Begin in a traditional push-up position with both hands directly underneath your shoulders and legs fully extended behind you, feet together. Then, brace your core and jump both feet to the outside of your right hand. Jump feet back out into a traditional pushup position and then brace your core and jump both feet to the outside of your left hand. Repeat this exercise sequence as quickly as possible until time is up.
Modification: If you start getting tired, slow the pace of the exercise sequence.
Rest for 60-seconds before starting the second circuit.
Begin on all fours with your back flat and your head in a neutral position. Push up through your toes so they are elevated beneath you. In one swift movement, move your weight onto your left hand, bring your left leg under your hips and across your body. Twist your torso so your toes and bellybutton are pointing toward the ceiling. Your leg should be fully extended. Reach your right hand to your left foot until they touch. Return to starting position and repeat on the other side. Continue alternating sides back and forth.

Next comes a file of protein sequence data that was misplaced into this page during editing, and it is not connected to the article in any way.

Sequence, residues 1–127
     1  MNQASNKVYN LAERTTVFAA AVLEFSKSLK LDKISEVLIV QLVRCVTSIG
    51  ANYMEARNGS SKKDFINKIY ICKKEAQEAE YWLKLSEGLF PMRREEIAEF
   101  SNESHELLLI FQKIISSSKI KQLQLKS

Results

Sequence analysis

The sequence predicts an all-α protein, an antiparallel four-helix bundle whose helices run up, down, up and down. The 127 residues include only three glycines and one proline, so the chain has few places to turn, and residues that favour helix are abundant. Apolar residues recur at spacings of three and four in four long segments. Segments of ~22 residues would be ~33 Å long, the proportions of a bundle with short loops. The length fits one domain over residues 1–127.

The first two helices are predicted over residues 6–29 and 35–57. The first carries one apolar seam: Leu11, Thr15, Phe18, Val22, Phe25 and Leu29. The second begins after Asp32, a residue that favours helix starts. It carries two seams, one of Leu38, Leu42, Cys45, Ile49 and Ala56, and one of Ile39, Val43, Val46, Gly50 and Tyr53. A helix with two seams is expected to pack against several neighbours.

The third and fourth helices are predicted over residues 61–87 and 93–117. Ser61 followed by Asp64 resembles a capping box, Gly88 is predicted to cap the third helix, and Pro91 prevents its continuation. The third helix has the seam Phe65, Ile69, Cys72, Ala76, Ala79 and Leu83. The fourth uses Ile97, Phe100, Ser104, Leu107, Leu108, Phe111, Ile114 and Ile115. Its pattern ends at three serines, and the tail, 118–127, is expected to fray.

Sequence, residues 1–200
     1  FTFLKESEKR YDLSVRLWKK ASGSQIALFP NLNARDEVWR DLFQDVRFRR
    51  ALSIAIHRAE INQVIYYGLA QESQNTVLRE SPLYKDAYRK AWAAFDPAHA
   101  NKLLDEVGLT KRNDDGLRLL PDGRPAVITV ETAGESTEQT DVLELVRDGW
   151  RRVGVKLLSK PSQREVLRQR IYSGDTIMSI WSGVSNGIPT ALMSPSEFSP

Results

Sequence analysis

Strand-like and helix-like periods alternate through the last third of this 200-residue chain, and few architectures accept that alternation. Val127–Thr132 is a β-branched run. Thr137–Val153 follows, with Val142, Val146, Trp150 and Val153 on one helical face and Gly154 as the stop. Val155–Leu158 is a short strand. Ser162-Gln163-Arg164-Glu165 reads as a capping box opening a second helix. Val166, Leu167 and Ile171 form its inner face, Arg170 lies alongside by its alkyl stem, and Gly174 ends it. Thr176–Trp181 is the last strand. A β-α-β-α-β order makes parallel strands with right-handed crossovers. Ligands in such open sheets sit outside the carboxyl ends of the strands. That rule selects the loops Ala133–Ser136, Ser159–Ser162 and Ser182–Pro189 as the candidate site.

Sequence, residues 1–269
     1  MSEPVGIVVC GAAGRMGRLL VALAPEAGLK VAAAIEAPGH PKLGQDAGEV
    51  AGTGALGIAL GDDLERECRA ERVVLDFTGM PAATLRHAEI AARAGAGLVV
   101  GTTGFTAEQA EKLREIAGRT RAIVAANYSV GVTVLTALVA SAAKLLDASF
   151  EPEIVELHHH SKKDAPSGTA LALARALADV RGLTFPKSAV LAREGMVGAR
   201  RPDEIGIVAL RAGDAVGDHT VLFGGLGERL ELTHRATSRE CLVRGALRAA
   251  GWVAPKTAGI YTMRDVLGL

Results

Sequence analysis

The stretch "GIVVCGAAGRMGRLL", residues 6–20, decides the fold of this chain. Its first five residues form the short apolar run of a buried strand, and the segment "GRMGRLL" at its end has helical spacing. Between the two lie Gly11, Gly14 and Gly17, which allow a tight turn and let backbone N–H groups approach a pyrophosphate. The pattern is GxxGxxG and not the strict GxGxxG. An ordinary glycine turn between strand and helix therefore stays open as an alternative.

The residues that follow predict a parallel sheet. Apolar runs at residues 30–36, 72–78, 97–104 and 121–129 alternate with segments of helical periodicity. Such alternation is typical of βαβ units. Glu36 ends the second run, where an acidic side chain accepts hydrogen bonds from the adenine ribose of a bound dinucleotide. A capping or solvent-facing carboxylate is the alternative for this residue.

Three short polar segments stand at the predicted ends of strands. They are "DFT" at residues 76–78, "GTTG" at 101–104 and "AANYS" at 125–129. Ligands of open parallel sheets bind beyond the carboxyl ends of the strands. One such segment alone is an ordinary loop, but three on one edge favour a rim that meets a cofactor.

Rockin’ the Cradle
Start in a traditional lunge position with the left foot forward, knees slightly bent with your hands firmly on your hips. Keeping your chest up, lower into a lunge position until your right knee is about an inch from the floor. Push off your left foot in one explosive movement so it lifts from the floor and transfers all of your weight onto your right leg. Return to the lunge position and repeat. Continuing this movement until time is up, then switch sides.
Tic Tac Toes